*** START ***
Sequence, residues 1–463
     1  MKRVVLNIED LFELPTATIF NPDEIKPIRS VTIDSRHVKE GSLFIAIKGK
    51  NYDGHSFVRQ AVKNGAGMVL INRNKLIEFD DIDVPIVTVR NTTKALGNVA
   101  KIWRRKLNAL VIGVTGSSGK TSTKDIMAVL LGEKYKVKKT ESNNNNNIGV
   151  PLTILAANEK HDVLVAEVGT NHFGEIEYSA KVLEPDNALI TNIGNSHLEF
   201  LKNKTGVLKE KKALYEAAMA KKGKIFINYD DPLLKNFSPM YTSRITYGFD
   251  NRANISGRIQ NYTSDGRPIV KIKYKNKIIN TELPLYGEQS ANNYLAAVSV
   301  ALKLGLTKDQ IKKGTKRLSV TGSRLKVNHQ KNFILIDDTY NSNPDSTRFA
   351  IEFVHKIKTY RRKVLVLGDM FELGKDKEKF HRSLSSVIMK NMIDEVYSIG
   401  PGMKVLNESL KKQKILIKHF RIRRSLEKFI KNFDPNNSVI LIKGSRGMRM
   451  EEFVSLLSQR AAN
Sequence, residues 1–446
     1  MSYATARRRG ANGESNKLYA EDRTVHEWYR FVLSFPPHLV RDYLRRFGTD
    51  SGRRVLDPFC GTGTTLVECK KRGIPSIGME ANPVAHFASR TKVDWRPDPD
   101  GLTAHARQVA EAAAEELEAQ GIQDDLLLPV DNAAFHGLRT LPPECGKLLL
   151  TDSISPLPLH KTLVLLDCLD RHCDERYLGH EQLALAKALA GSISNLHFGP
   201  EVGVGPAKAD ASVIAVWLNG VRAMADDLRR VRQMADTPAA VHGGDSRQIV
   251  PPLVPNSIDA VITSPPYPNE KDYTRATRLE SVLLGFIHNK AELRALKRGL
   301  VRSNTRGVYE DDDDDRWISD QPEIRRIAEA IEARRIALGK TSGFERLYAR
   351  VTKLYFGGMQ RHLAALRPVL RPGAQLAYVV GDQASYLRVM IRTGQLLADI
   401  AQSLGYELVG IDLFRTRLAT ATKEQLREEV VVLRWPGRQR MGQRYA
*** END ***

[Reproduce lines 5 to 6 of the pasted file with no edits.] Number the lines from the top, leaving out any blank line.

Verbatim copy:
   151  PLTILAANEK HDVLVAEVGT NHFGEIEYSA KVLEPDNALI TNIGNSHLEF
   201  LKNKTGVLKE KKALYEAAMA KKGKIFINYD DPLLKNFSPM YTSRITYGFD